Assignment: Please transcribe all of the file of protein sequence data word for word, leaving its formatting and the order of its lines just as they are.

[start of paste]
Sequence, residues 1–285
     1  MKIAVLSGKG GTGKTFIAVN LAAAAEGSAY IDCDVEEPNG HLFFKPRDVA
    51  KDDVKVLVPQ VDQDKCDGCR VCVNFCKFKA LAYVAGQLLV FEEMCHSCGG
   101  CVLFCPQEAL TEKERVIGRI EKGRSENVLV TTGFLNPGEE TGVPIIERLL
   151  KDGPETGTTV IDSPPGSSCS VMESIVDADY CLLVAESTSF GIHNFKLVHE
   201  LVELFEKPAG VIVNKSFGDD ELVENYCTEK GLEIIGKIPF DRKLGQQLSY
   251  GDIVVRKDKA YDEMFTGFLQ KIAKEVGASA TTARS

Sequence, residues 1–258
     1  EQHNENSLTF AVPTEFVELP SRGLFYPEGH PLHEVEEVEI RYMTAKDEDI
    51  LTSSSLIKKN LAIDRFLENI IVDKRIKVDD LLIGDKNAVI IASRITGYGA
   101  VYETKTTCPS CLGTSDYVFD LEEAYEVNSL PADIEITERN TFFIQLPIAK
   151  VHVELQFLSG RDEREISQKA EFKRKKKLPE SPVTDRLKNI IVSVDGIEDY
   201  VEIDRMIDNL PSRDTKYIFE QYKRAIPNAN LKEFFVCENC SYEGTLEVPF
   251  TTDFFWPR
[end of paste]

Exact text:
Sequence, residues 1–285
     1  MKIAVLSGKG GTGKTFIAVN LAAAAEGSAY IDCDVEEPNG HLFFKPRDVA
    51  KDDVKVLVPQ VDQDKCDGCR VCVNFCKFKA LAYVAGQLLV FEEMCHSCGG
   101  CVLFCPQEAL TEKERVIGRI EKGRSENVLV TTGFLNPGEE TGVPIIERLL
   151  KDGPETGTTV IDSPPGSSCS VMESIVDADY CLLVAESTSF GIHNFKLVHE
   201  LVELFEKPAG VIVNKSFGDD ELVENYCTEK GLEIIGKIPF DRKLGQQLSY
   251  GDIVVRKDKA YDEMFTGFLQ KIAKEVGASA TTARS

Sequence, residues 1–258
     1  EQHNENSLTF AVPTEFVELP SRGLFYPEGH PLHEVEEVEI RYMTAKDEDI
    51  LTSSSLIKKN LAIDRFLENI IVDKRIKVDD LLIGDKNAVI IASRITGYGA
   101  VYETKTTCPS CLGTSDYVFD LEEAYEVNSL PADIEITERN TFFIQLPIAK
   151  VHVELQFLSG RDEREISQKA EFKRKKKLPE SPVTDRLKNI IVSVDGIEDY
   201  VEIDRMIDNL PSRDTKYIFE QYKRAIPNAN LKEFFVCENC SYEGTLEVPF
   251  TTDFFWPR